Just as Tony Blair’s reputation will always be overshadowed by his illegal and disastrous invasion of Iraq, so too will Charles Kennedy always be remembered with respect for speaking out against it. This was a braver stand to take than it appears now, for in the spring of 2003 we did not know what we know now. Public opinion was not as hostile to the action, and all the signs were that it would follow the post-Vietnam form book – a short conflict in which overwhelming American force rapidly delivered victory and “regime change” for the better.
The Conservative Party willingly aligned itself with the Bush-Blair axis, and internal Labour opposition was limited to a few ministerial resignations, notably those of Robin Cook and, in due course, Clare Short, plus the usual dissidents on the back benches. It was not Parliament’s finest hour, and it is to the eternal credit of Mr Kennedy that he got that judgement right. This newspaper was pleased to find itself in Mr Kennedy’s political company. With Mr Cook, Mr Kennedy led the movement against the war. Our reporting from the region since, notably Patrick Cockburn’s warnings about the emergence of Isis last year, more than bears out the grim predictions made by the Liberal Democrats at the time.
Elsewhere, Charles Kennedy’s contribution to our political life and indeed the gaiety of the nation have also been well chronicled. He had a ready wit, as apparent in public as in private, a surprisingly rare quality in top politicians. He was pragmatic on most issues, and not unduly troubled by the detail of policy, which occasionally landed him in trouble. He disliked philosophising, and he preferred tactics to grand strategy. This was because he understood very well that leading the centre party essentially means reacting to what the other two parties do, and taking each opportunity as it comes. His approach, successfully executed with the aid of some gifted advisers, was simply to pile up the votes and the seats, and see what happened. Hence the record-breaking representation in the Commons achieved in 2005, not least because the Liberal Democrats began to make inroads into Labour’s urban and northern heartlands.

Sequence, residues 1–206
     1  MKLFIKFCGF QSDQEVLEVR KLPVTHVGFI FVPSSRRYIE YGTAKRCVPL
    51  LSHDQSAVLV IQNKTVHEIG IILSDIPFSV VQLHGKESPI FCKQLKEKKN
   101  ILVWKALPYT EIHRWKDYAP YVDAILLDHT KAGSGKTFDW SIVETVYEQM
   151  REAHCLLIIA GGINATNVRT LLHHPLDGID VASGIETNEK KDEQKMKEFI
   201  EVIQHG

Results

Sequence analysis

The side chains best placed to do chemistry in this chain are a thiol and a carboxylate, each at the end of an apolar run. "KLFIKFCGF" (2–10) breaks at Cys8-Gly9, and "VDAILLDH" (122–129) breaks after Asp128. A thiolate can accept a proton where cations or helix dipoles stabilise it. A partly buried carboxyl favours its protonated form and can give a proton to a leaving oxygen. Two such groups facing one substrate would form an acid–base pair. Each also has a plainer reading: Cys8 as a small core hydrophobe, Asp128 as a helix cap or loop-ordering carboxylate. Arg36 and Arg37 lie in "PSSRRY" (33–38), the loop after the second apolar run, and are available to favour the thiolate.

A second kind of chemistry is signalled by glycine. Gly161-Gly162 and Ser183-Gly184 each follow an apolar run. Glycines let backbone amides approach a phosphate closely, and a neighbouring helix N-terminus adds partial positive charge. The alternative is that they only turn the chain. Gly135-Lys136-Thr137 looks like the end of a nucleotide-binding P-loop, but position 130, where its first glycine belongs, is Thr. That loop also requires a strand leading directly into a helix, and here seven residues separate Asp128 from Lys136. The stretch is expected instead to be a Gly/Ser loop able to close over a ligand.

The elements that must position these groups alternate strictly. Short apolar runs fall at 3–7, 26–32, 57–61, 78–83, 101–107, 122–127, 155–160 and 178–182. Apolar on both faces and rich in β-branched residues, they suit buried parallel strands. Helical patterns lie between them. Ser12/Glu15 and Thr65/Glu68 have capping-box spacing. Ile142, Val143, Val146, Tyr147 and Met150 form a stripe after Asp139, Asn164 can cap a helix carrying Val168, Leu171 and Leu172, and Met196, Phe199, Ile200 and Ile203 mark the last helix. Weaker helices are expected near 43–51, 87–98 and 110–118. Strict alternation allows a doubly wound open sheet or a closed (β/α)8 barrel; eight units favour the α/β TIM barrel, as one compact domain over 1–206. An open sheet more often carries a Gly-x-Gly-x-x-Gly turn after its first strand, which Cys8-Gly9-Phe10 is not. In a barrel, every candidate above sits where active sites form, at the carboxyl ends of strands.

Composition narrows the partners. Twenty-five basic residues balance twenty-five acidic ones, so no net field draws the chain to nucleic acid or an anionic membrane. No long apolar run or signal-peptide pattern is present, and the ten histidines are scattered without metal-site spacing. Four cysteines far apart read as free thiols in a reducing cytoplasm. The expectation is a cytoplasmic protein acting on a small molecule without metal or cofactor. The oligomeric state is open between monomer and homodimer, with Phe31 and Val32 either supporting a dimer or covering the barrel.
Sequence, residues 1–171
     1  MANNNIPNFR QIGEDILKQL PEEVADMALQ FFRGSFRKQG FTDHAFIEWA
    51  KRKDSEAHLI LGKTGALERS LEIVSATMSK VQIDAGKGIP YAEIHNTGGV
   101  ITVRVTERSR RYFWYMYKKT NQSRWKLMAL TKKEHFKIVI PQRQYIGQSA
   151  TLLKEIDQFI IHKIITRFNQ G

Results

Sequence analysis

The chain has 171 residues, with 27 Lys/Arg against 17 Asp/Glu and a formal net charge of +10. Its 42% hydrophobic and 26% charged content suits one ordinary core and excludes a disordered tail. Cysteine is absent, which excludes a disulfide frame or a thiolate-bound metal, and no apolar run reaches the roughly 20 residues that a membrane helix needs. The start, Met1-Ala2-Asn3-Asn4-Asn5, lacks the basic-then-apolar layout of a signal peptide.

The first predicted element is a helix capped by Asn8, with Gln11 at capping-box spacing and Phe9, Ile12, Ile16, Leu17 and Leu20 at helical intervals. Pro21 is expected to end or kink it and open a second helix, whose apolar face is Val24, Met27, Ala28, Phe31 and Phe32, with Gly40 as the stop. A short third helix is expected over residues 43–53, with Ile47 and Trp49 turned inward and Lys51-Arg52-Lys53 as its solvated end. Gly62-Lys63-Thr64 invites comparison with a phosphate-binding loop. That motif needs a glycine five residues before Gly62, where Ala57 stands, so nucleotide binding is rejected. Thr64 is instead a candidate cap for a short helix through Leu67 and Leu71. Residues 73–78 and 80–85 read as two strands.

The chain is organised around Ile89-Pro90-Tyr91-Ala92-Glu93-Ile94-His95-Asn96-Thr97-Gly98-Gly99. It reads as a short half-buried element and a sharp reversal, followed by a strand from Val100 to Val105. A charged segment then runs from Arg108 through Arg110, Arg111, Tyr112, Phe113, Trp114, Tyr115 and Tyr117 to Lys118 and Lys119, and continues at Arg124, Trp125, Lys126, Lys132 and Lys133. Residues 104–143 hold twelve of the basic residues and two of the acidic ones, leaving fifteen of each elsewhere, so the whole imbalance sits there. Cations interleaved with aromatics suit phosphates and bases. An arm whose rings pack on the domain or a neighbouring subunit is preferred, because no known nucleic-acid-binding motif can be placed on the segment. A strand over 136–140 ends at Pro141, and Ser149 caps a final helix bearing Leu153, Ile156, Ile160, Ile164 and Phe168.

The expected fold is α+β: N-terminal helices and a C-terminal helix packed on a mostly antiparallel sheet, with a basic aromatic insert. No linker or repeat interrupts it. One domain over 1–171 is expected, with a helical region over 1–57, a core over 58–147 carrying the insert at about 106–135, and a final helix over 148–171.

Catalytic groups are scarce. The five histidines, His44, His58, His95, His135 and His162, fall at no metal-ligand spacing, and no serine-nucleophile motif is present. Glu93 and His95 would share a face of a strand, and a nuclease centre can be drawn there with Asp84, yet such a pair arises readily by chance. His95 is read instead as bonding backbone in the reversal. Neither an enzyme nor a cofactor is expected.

Despite this success, there were criticisms that he lacked the energy of his predecessor, Paddy Ashdown, and these soon transmuted into fears about what his drinking was doing to him and to his party. Had he been able to deal with his alcoholism he might still be leader this year, and especially so because he would have avoided formal coalition with the Conservatives in 2010.
He would have found managing the position difficult, but at least he might have avoided the tuition fees fiasco and been able to pose, however bogusly, as leading an anti-austerity party. He might have won yet more Commons seats this May, and certainly more than the eight the party wound up with.
Still, Mr Kennedy was wrong to oppose Nick Clegg in 2010. The Coalition reflected the will of the people; it was the sort of cross-party government the Lib Dems are supposed to be in favour of. It was formed to manage a crisis, and the government was much more stable for having a majority in the Commons.
As with his political mentor and fellow social democrat, the equally convivial Roy Jenkins, the single cause that Mr Kennedy worked hardest for through his life was Europe. A sober Charles Kennedy would have been a fine asset, even a leader, for the Britain in Europe campaign (as did Jenkins in the 1975 referendum). Mr Kennedy had much left to offer his party, his country and Europe itself. His tragically early death deprives us all.